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9 of 10 typo corrected

Bob Martin is clearly exaggerating to make his point more clear. But what is his point?

Does he just want people to stop using SQL/Relational Databases because of SQLi attacks?

To my understanding, in that blog post (your first link) Martin tries to convince people to stop using SQL, but not relational databases. These are two different things.

SQL is an extremely powerful language, and it is standardized to some degree. It allows to create complex queries and commands in a very comprehensive manner in a readable, understandable, easy to learn fashion. It does not depend on another programming language, so it is usable for most application programmers, no matter if they prefer Java, C, C++, C#, Python, Ruby, JavaScript, Basic, Go, Perl, PHP, or something else.

However, this power comes for a cost: writing safe SQL queries/commands is harder than writing unsafe ones. A safe API should make it easy to create safe queries "by default". Potentially unsafe ones should need more mental or at least more typing effort. That is IMHO why Martin is ranting against SQL in its current form.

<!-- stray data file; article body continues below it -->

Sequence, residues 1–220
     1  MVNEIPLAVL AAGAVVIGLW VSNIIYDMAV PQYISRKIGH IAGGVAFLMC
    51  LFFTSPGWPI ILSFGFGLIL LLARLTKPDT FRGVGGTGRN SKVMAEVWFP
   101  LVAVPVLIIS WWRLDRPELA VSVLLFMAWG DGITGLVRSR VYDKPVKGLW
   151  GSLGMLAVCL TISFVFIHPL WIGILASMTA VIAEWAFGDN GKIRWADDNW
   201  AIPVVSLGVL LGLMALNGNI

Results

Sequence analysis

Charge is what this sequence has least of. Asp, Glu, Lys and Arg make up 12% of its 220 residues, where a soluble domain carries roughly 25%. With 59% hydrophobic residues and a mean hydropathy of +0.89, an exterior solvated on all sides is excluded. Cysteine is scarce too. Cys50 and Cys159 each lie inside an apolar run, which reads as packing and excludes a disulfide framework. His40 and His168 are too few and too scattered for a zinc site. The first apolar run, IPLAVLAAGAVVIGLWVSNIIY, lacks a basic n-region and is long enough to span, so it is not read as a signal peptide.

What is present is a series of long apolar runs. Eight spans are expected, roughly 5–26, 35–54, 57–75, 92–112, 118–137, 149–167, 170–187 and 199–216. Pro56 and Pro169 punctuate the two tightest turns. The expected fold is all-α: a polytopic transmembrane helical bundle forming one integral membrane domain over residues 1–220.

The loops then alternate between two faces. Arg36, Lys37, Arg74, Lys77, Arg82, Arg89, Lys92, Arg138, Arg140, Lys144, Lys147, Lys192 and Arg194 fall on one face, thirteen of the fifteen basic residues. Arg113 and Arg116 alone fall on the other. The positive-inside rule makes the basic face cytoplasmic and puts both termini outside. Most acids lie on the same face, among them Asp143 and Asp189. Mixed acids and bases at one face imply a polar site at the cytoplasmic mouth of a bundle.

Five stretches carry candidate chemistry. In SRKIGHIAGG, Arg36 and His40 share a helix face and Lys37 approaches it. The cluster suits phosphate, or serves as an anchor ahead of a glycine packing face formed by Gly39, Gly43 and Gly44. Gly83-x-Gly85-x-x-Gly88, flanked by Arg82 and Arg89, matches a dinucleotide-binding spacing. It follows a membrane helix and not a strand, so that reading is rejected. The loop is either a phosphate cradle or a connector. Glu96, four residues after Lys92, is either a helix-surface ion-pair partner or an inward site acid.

The problem is not new, and there are safer APIs than standard SQL to access a relational database. For example, all OR mappers I know are trying to provide such an API (though they are typically designed for other primary goals). Static SQL variants make it hard to create any dynamic queries with unsanitized input data (and that is not a new invention: Embedded SQL, which uses often static SQL, is around 30 years old).

Unfortunately, I am not aware of any API which is as flexible, as standardized, mature, language-independent and also as powerful as SQL, especially dynamic SQL. That's why I have some doubts about Martin's suggestion of "not using SQL" as a realistic way of solving the mentioned problems. So read his article as a thought into the right direction, not as a "best practice" you can blindly follow from tomorrow on.